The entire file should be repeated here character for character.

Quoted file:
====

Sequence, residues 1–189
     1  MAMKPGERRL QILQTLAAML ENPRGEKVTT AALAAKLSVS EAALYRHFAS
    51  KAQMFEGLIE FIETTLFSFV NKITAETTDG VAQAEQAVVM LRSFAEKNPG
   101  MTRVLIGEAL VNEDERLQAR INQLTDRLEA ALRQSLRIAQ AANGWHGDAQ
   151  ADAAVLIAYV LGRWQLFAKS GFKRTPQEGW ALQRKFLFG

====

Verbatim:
Sequence, residues 1–189
     1  MAMKPGERRL QILQTLAAML ENPRGEKVTT AALAAKLSVS EAALYRHFAS
    51  KAQMFEGLIE FIETTLFSFV NKITAETTDG VAQAEQAVVM LRSFAEKNPG
   101  MTRVLIGEAL VNEDERLQAR INQLTDRLEA ALRQSLRIAQ AANGWHGDAQ
   151  ADAAVLIAYV LGRWQLFAKS GFKRTPQEGW ALQRKFLFG